July 20, 2010 at 2:09 pm #552jonathanKeymaster
Eleonora_Vasta wrote :
> Actually I think that The House of Sleep, together with Bulgakov’ Master
> and Marguerite, Marquez’ One Hundred Years of Solitude and Saramago’ Gospel
> according to Jesus Christ, is a novel that deeply influenced me. As like
> for the other novels I mentioned, I was mermerised by the structure of the
> novel, not only by the plot.
> And now I have a question. I don’t know if you will answer, because often
> authors don’t like to do exegesis of their own texts, but among my friends
> there is a long "querelle" about the end of The House of Sleep:
> me and two other friends, we think that Sara’s reaction at Robert’s words
> "Sarah, it is me, it is Robert" is terrifying: in few seconds
> the reader – and Robert with him – understands that everything was made in
> vain. Sarah is not interested in having an affair with Roberth. Or maybe no
> more. So, becoming a woman, for Robert, was just an useless sufference.
> There is another "party" who believes, at the opposite, that the
> end of the novel is the beginning of a new history: somehow, they will stay
> Who’s right?
Eleonara – there are two answers to this question. On the one hand, I agree with your "other party", who believes that somehow they will stay together. That was always the intention at the back of my mind, and I wanted to end the novel on a hint of optimism.
The other answer is much more brutal – namely, that characters have no further life once the end of a novel is reached. They are fictional constructs and their existence ceases as soon as the author places her or his final full stop. This is the point which I wanted to make explicitly at the end of Maxwell Sim (and the final chapter of that novel was inspired, in part, by the number of times I have been asked this same question about Robert and Sarah).
Having just returned from Italy I was surprised once again by how many readers told me that The House of Sleep was their favourite among my novels. Anyone want to share their thoughts on this book?July 20, 2010 at 2:51 pm #718paoloMember
Being an Italian myself, I cannot but uphold your impression, Jonathan. For most of my friends, The House of Sleep (it.tr. La casa del sonno) is your most successful novel. It is difficult to explain why. As for me, I’d personally opt for other books: The Rotter’s Club in primis. If I had to venture a hypothesis, my hunch is that the book has the right combination of sentimentality and eeriness. And how would you describe the Italians if not as sentimental and eerie? 😉 On a more serious note, "identity" might be the answer. Am I wrong to say that the novel is haunted by an atmosphere of general identity crisis? In that sense, The House of Sleep may be a generational novel for many italian young adults. But not for me. Having grown up safely in the "brown (lower-case!) decade", The Rotter is MY generational novel. And your hints at your childhood memories is what makes me laugh and cry the most.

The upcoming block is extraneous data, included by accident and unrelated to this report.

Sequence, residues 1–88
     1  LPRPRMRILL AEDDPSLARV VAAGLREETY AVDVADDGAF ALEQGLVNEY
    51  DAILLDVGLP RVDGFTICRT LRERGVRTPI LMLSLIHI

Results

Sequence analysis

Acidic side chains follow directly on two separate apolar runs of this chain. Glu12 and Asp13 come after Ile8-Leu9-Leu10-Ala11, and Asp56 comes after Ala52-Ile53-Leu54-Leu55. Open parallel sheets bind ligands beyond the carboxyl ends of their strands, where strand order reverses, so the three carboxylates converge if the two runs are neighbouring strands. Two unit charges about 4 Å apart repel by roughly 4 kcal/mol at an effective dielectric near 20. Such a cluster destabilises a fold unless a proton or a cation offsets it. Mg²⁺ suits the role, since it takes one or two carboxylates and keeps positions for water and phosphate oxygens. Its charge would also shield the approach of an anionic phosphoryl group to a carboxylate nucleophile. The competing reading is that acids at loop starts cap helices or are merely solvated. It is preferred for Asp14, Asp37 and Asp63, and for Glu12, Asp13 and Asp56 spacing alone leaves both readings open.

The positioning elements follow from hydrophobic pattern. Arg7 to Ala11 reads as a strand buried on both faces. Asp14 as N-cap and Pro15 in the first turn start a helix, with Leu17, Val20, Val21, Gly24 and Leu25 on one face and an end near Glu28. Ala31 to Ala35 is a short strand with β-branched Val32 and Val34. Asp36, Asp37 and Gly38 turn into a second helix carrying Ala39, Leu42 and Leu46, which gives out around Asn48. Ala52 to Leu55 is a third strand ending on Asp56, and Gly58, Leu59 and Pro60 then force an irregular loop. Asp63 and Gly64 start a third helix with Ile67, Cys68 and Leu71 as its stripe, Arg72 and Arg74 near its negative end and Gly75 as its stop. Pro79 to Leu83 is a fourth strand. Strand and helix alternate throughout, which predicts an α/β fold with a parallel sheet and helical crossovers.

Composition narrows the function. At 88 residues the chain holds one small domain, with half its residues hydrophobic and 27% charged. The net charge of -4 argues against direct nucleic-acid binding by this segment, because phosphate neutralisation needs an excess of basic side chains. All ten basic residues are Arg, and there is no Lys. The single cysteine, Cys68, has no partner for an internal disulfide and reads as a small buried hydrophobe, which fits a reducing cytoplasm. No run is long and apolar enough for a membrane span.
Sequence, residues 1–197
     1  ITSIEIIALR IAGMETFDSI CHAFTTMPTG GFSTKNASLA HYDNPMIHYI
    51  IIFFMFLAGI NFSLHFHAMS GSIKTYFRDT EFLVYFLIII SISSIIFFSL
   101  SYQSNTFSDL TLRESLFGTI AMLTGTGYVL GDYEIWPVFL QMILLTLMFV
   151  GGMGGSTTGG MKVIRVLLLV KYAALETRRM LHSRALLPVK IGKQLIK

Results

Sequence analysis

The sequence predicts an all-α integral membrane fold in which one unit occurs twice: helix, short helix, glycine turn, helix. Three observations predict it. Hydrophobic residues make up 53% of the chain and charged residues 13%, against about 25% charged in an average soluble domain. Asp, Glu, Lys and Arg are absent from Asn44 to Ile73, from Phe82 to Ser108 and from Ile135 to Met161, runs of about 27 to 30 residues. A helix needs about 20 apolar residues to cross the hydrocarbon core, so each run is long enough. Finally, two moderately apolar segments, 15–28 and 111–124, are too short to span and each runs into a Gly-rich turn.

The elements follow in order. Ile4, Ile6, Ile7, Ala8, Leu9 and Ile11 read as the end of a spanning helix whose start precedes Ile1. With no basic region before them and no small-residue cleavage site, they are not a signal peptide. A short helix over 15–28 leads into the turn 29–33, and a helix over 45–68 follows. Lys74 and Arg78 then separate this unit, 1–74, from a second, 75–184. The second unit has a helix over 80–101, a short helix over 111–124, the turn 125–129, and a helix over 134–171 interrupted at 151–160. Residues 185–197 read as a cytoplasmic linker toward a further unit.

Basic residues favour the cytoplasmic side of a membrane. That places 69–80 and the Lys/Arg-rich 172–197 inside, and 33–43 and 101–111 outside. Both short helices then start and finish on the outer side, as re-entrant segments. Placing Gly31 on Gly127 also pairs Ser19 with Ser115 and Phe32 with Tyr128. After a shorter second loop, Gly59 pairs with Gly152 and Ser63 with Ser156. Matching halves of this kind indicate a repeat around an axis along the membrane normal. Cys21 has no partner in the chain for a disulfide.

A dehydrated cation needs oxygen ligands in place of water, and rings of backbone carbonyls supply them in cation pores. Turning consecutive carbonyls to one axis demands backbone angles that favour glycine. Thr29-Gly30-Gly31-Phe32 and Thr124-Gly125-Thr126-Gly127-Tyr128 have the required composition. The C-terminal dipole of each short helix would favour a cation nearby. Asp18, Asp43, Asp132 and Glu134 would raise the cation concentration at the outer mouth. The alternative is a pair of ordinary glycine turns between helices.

Now, I am reading your last novel. I hope to post some comments on the message board in the near future.July 20, 2010 at 7:42 pm #722choccolataMember
The House of Sleep is my favorite … for the way it was written. A narrative original technique … past and present alternate and without any difficulty you follow the plots of the characters…wonderful!!!July 21, 2010 at 7:25 am #724
I agree with choccolata, the inventiveness with which it is written matches the breadth of emotions and variety of human situations it covers. The blurbs say it all really. And the fact that the Time Out one mentions Lodge (like for MS) could be what first drew me to it when I bought it. Jonathan, I have to disagree with what you said about not being visual. I reread it with attention and the places, the light, the atmosphere are described perfectly in just a few strokes. If I were a film-director (which fortunately I am not) I may find it harder to find the music for it.July 21, 2010 at 11:53 am #728orsettaMember
Hello everyone. First of all, thanks for this much awaited thread, really, I couldn’t wait for it! 🙂
Then, about The House of Sleep, of course I can be terribly wrong, but I would say that your ‘two answers’ (ie the paradoxical happy end, which involves not only Robert’s and Sarah’s, but also Terry’s narrative destiny, I would say, and the ‘authorial one’, so to speak) really are connected in the name of what I would define as the power of the romance. That is, in a sense I have always been reading (and trying to interpret) The House of Sleep as a novel where (contrary to Michael’s destiny in What a Carve Up!, where he is involved in a meta-plot which becomes a jail in actually preventing hin from living in real life), if you keep on believing, the dreams that you dream do come true (to paraphrase Cinderella). And this power of believing seems to be the power of the romance which brings you coincidences, encounters, plots. And then, here is where the actual plot of the House of Sleep and the meaning of writing and narrating do match (dream and narrative are strongly connected, besides).
But, as I said, this is just my attempt of interpretation…
But (and most important) thank you very much for all your comments and explanation, as well as for all the debates and intervetions. Checking out this site has already become a very pleasant daily habit. OrsettaJuly 22, 2010 at 5:34 pm #729eleonora-vastaMember
Thanks a lot Jonathan!